Military Court Martial and Sentence Consideration

In a recent legal case concerning a military court martial, the court focused on the intricate legal analysis surrounding the sentencing process. The judgment highlighted the significance of considering multiple factors to arrive at a just and proportionate sentence, showcasing the court’s adherence to established legal precedents and principles. Let’s delve into the nuances of military justice and court rulings in this insightful case summary.


  • The present appellant was enrolled in Signals Corps and was posted to HQ & Radar Battery of 20 Surveillance and target acquisition regiment since 01.10.2002.
  • The appellant shot the deceased Gunner-Sushil Kumar on 30.06.2003 while he was asleep, resulting in the death of the deceased.
  • After the incident, the appellant surrendered himself to his Senior Authorities and confessed his guilt.
  • Investigation was carried out, and the police registered the case, submitting a challan before the Chief Judicial Magistrate, Rajouri.
  • The appellant contended that he shot the deceased in a delusion of a militant attack, claiming he had no control over his senses.
  • Upon request by the Army Authorities, the challan and the appellant along with seized items were handed over to the Army Authorities for trial.
  • Appellant charged under Section 69 of the Army Act for committing a civil offence of murder.
  • Court Martial conducted with 15 witnesses, including a Psychiatrist being examined.
  • Appellant found guilty of murder in Summary General Court Martial, sentenced to life imprisonment and dismissal from service.
  • Appellant challenged the conviction before Ministry of Defence and Chief of Army Staff under Sections 164(2) and 165 of Army Act, dismissed by Union of India.
  • Appellant filed a writ petition in Delhi High Court, transferred to AFT upon formation.
  • AFT dismissed the appeal, leading to the present appeal before the court.
  • Counsels heard are Mr. B.K. Pal for appellant and Mr. Vikramjit Banerjee for Union of India.
  • The court has reviewed the material on record.

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  • Various factors considered in Santa Singh case are taken into consideration
  • Appellant was posted in Kashmir during peak terrorism threat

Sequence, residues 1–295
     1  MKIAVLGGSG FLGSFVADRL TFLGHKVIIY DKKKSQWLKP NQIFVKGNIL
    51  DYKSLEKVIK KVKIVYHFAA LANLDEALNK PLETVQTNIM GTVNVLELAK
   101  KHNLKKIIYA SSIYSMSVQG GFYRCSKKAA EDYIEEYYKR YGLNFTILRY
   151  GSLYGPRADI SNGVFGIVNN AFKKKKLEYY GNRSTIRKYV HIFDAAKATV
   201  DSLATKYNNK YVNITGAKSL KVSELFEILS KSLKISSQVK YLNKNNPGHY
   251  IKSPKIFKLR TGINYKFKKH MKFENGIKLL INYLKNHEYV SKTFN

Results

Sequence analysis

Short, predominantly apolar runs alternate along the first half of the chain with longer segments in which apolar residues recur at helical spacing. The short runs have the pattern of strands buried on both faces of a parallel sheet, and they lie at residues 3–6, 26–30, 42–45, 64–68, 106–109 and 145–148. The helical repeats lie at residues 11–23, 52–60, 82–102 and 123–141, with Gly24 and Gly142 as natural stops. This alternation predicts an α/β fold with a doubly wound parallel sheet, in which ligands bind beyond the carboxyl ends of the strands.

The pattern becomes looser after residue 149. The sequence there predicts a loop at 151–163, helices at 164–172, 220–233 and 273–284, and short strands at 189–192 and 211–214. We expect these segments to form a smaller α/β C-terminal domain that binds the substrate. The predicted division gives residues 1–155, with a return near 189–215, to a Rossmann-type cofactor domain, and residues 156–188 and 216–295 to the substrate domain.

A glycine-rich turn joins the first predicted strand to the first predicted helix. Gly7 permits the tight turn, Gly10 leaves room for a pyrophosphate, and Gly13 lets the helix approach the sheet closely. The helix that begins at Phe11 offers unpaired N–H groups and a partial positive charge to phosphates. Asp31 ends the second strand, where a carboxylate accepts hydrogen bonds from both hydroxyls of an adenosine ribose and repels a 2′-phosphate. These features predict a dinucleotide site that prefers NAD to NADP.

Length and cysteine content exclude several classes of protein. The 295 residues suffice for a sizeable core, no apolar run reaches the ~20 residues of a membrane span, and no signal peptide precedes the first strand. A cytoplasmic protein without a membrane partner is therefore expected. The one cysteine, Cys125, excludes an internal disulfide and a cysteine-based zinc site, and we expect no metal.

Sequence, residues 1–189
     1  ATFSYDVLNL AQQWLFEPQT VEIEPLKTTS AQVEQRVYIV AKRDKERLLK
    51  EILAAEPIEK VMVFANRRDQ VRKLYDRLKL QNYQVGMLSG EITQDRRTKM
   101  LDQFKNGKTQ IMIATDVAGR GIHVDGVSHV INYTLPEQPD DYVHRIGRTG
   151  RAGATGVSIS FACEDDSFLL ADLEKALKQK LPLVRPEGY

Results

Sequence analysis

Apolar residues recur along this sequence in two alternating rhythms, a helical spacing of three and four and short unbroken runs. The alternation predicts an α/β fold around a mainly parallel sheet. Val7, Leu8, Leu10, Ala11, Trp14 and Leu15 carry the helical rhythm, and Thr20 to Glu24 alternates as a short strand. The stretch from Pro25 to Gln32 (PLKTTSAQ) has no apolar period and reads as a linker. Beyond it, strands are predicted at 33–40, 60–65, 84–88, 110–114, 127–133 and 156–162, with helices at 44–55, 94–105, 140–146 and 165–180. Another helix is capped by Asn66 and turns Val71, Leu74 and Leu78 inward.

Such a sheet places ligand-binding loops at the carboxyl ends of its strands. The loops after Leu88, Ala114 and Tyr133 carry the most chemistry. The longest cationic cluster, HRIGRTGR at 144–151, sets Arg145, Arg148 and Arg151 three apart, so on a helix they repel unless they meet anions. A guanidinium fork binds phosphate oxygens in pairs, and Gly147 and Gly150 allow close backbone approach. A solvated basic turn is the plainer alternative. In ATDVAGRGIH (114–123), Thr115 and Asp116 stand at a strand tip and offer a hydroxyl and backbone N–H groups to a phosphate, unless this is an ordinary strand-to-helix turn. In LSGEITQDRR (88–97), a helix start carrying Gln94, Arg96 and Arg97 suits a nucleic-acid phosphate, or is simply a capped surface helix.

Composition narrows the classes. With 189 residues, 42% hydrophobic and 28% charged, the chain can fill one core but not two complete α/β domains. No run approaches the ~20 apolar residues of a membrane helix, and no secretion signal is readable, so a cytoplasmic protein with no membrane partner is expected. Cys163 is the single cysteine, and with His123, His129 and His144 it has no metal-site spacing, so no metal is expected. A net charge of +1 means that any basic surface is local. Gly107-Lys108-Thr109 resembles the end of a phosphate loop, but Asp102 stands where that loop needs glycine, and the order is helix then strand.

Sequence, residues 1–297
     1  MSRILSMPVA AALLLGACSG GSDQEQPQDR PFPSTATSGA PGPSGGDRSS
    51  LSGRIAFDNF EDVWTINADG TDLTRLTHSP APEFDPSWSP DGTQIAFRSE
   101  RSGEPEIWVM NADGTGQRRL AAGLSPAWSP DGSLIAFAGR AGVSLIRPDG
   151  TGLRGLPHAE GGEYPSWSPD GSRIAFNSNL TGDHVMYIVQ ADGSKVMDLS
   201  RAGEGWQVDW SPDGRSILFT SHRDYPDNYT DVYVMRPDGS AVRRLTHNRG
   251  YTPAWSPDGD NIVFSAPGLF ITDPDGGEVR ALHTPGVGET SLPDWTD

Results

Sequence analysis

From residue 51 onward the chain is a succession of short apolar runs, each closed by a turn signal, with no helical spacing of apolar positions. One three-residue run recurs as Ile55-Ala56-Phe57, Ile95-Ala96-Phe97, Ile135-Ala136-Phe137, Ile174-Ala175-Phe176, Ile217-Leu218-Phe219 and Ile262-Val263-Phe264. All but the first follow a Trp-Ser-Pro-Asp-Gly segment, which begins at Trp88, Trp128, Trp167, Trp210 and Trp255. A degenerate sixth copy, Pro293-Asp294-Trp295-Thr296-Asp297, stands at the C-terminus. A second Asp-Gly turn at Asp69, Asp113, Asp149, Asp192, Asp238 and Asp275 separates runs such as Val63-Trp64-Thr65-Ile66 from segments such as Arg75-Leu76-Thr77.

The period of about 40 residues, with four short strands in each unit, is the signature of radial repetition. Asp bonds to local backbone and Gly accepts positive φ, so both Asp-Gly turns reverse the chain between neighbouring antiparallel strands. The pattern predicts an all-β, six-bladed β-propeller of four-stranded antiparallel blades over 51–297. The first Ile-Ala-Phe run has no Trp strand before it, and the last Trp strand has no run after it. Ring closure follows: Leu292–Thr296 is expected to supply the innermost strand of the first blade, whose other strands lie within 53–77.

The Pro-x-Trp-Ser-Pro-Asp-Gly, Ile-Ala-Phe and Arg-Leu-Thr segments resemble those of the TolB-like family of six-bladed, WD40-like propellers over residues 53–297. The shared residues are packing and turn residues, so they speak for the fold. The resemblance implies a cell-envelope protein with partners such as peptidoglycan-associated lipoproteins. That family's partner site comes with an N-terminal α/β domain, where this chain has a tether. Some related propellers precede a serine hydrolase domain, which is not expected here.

• No reason to interfere with Court Martial and AFT findings on conviction
  • Appellant found liable for offence under Section 69 of Army Act for murder
  • Appellant’s case deserves favorable consideration for sentence
  • The appropriate sentence in a case is a result of considering various factors such as the nature of the offence, extenuating or aggravating circumstances, prior criminal record, age, education, home life, sobriety, and social adjustment of the offender, among others.
  • In the case of a person convicted for life imprisonment, they must serve a minimum of 14 years before being considered for release, without considering any remissions earned during their time in jail.
  • Factors like rehabilitation prospects, deterrent effect on the offender and others, community need for deterrence, and potential for offender treatment or training should also be taken into account by the court in determining the appropriate sentence.
  • The application of Section 433-A of the Code of Criminal Procedure, 1973 to cases tried under Section 69 of the Army Act, 1950 has been established in legal precedents.
  • The view mentioned in this judgment has been consistently followed in various previous judgments of the court, including the recent case of Gopal Singh vs. State of Uttarakhand.
  • The appellant has served a sentence of 16 years and 6 months, which would be 20 years and 5 months with remission.
  • The appellant has already served more than 14 years, so the bar of Section 433-A Cr.P.C. does not apply.
  • The court finds the sentence served by the appellant to be proportionate to the offence.
  • The appellant surrendered immediately after the incident, claiming he acted under delusion.
  • The appellant’s conduct in jail has been excellent as per the Certificate from the Superintendent.

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  • The appeal is dismissed
  • The appellant is directed to be released from custody

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Case Number: Crl.A. No.-002035-002035 / 2012

Click here to read/download original judgement

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